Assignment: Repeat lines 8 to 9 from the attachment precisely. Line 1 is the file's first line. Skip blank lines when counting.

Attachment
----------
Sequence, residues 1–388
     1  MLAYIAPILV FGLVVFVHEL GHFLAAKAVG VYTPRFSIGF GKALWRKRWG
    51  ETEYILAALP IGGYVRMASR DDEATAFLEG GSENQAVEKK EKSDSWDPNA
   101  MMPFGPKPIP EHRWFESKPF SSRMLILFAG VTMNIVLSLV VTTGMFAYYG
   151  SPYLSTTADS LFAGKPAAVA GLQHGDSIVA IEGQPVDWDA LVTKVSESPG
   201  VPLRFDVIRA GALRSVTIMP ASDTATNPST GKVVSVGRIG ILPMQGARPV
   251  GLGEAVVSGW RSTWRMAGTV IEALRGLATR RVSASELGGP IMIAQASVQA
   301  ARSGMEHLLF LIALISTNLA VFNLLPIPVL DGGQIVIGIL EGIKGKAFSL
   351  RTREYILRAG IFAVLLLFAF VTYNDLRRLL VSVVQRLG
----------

   301  ARSGMEHLLF LIALISTNLA VFNLLPIPVL DGGQIVIGIL EGIKGKAFSL
   351  RTREYILRAG IFAVLLLFAF VTYNDLRRLL VSVVQRLG